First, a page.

I must disagree with the author that jazz is for listening and not for dancing btw. From the moment you take a music genre and you define it as "non-danceable, high art only", you limit the genre's value. You literally wrote there, without realizing it, that jazz is limited music. It's not.

Jazz was originally ragtime, and later swing. These were both danceable. That was jazz: having good time. The loss of the "good times" music came later, with Charlie Parker. But Parker and his followers is only half of the story of what's jazz.

And besides, as Louis Armstrong said, "if a piece of music makes you tap your foot, then that's good music".

The fact that a piece of music makes you feel good and want to move your legs does NOT make that music "cheap" or "bad". EVEN if it sells millions of records!

This is a bad assumption from many music geeks (and hipsters) that whatever is mainstream must be bad. No, the majority of what's mainstream is not bad. In fact, the majority of mainstream music is actually good -- to your amazement, I'm sure. Take the Billboard top 100, and I'd say that about 70% of it is actually pretty good. Otherwise people wouldn't buy it. Marketing and radio-play can only do so much to convince people to buy records. People must ultimately like the record to buy it.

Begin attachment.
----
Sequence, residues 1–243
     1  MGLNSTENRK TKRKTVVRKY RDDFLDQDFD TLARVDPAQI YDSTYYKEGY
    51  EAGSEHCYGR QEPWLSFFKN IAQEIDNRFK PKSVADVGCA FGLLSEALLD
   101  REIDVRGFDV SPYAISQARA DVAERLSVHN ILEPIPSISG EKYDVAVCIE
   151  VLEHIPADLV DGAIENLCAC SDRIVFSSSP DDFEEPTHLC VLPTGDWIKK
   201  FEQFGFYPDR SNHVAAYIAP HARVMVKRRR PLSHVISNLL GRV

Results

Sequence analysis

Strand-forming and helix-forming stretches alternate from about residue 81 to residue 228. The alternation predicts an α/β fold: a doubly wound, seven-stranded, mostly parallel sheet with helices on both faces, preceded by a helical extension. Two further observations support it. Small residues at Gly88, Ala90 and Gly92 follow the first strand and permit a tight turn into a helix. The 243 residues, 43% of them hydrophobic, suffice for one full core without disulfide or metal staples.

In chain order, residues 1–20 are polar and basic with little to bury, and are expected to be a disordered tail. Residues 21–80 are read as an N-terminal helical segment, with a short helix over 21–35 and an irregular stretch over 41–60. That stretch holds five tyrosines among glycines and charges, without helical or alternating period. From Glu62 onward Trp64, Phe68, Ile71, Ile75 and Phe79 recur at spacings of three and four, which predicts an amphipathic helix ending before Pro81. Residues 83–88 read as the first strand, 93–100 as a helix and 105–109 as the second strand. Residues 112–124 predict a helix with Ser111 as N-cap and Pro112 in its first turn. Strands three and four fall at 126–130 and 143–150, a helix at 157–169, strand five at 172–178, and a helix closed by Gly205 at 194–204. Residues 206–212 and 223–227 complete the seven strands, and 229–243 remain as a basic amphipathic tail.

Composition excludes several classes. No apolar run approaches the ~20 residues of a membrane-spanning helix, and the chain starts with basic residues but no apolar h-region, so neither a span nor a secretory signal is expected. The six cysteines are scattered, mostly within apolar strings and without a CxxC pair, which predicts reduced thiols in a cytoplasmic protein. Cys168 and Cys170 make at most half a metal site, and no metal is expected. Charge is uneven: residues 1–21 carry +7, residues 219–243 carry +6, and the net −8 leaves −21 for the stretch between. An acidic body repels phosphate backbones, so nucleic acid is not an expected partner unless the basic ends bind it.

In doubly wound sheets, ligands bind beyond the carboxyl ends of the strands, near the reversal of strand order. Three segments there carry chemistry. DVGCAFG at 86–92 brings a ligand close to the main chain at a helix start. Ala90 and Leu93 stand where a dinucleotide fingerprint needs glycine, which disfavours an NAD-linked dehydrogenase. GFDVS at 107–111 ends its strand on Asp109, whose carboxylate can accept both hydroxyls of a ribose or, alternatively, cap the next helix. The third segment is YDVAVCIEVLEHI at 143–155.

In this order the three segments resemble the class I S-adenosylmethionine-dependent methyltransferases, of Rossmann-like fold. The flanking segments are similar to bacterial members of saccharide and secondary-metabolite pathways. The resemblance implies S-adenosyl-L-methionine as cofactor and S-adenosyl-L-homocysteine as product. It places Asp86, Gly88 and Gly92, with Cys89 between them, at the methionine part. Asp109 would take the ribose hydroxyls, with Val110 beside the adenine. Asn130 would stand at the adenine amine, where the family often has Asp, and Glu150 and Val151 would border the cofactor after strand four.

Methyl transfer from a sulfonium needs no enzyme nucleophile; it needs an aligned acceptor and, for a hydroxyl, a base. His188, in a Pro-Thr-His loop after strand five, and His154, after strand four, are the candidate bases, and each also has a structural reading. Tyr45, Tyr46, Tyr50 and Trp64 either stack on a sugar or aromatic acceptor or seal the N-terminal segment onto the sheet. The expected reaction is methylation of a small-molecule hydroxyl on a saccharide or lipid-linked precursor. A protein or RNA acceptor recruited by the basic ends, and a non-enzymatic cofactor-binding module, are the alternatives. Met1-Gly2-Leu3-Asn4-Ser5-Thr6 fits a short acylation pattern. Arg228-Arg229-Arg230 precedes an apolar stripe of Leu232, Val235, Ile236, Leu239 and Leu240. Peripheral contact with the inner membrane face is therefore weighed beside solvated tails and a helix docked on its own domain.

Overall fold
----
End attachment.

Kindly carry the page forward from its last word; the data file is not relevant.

And people buy music if that music mirrors their daily life and the way they understand their world around them. See, it's very snobbish, and wrong, to say that "people don't buy jazz, or other experimental music, because they're musically illiterate, or just plain dumb" (many hipsters say that). But in reality, it's the musicians who play such music, and then complain that people don't buy their records, who are the dumb ones. See, if these musicians are creating music that mirrors the daily lives of people from 20 years in the future (at a time when their record would indeed be recognized as masterpieces), then that's their problem. They ran 20 years into the future, ahead of everyone else. And that's commendable. But it's not CURRENT. Sure, these avant-garde artists are free to make the music they want to make, but BY GOD they SHOULD NOT complain that people of the present don't buy their music! Such music doesn't TOUCH the audience, because the audience doesn't live 20 years in the future. They live into the Today. And they want to have fun. Dance! Sing! Swing their a$$ with the rhythm. And when they feel like it, why not, listen to some of the more demanding pieces of music too! But it should never be one or the other. Jazz is both high art, and dance/mainstream. As ANY kind of modern music is -- and as they should ALL be.

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  • Marc Myers writes regularly for The Wall Street Journal and is author of "Anatomy of a Song" (Grove) and "Why Jazz Happened." Founded in 2007, JazzWax is a two-time winner of the Jazz Journalists Association's best blog award.